15 Years of People-Powered Change: No More Lost Lives
This blog is part of our series celebrating the 15th Anniversary of the Ella Baker Center for Human Rights. You can celebrate with us at the 2011 Ellas: 15 Years of People-Powered Change, or submit your own anniversary memory or wish to email@example.com.
I remember my first day at the Ella Baker Center. I was fresh out of law school, and fresher out of the California Bar exam. Books Not Bars was busy preparing for a 300-person “No More Lost Lives’” march on the youth prison complex in Stockton on September 5, one year after the unexplained death of Dyron Brewer in CYA. It would commemorate the four young people who lost their lives in the past two years in CYA. I watched System Failure, and cried about those lives lost.
Zachary walked up to me after I finished, saying he had “bad news.” With tears in his eyes, he said, “Another youth passed away yesterday in CYA.”
Over the next few months, we learned more details. His name was Joseph Maldonado. He’d spent eight weeks in solitary confinement before finally taking his own life.
The Books Not Bars team had to work through their emotional response to the news. “We said no more lost lives. But here’s another one. It’s a diss on Dyron that another young person has died.” He became one more, urgent reason for us to march.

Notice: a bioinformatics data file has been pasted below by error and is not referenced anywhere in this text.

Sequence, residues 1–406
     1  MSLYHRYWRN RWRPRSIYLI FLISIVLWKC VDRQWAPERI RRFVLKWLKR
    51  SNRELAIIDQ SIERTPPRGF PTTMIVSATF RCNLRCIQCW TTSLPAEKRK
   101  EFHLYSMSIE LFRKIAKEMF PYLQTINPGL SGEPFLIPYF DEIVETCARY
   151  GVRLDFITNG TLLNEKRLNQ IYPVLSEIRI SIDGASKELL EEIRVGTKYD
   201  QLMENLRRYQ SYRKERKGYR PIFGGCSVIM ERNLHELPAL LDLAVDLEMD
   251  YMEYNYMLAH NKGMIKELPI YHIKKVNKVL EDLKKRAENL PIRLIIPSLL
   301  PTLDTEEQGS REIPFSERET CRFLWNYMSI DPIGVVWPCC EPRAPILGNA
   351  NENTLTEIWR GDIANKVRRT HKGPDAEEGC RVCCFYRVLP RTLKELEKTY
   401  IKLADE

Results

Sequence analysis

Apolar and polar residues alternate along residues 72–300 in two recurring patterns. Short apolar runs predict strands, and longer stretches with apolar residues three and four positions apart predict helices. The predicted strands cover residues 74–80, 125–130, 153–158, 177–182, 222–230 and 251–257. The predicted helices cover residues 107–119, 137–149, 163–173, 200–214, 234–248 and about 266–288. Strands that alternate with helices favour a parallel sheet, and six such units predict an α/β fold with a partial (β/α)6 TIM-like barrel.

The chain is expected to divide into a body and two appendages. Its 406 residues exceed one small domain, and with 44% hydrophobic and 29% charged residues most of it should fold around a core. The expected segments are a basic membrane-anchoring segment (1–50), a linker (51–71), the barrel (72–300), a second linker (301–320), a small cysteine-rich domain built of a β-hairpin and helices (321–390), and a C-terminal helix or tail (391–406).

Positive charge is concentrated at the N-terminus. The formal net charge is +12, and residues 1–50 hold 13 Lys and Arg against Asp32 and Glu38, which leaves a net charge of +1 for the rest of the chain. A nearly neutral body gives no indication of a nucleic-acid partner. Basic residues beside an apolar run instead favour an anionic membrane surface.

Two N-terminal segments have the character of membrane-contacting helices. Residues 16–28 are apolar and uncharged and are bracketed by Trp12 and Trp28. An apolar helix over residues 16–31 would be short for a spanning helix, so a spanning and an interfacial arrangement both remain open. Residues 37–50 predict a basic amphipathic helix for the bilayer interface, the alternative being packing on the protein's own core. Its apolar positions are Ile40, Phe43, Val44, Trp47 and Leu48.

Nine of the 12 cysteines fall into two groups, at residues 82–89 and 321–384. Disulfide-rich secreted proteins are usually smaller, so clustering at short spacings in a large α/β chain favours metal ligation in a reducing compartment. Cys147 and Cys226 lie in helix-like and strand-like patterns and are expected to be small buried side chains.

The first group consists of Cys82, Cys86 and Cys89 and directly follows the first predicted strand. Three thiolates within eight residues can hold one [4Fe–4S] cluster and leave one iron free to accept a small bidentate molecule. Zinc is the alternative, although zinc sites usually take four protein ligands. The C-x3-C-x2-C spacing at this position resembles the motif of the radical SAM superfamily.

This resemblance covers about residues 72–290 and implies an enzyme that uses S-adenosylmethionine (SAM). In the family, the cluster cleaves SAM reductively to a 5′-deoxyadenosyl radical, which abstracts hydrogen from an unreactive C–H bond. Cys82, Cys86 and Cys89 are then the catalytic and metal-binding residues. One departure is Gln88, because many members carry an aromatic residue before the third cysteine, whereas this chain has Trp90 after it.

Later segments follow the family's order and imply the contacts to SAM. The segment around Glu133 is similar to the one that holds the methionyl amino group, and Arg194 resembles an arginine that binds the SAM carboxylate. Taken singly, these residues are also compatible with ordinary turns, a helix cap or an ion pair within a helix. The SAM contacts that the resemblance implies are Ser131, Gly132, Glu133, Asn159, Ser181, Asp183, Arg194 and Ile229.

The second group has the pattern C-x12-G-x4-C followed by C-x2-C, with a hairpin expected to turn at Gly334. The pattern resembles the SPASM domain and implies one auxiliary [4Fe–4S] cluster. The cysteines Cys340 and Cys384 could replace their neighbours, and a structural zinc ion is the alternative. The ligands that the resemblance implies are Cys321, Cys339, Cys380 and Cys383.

We added Joseph to the names we called out during the march, and when pouring libations.
We sang, rows of people in white, marching in the heat and dust.
When we reached the prison complex, we joined hands again to remember Dyron and vowed that Dyron’s and Joseph’s deaths would not be in vain. The Brewer family delivered a wreath in Dyron’s honor to Chad prison officials. The head guard received the wreath with respect, and even voiced support for the Brewer family.
As we headed back to the park, some marchers saw youth in the yard for their recreation. Across barbed wire and yards of bleak field, marchers waved and called while the youth twirled their shirts. Although the guards were soon back to herd the youth back inside, we knew we reached them.
Since then, four youth prisons have shut down. A fifth will close in January.
Just last month, we took families and youth to Ventura youth prison, where we chanted directly at prison officials. We again made sure the youth heard us.
In my five years with Ella Baker Center, we’ve come a long way, but we’re not done yet! I think of what we can win together in the next 15 years, and it gives me chills. To 15 more!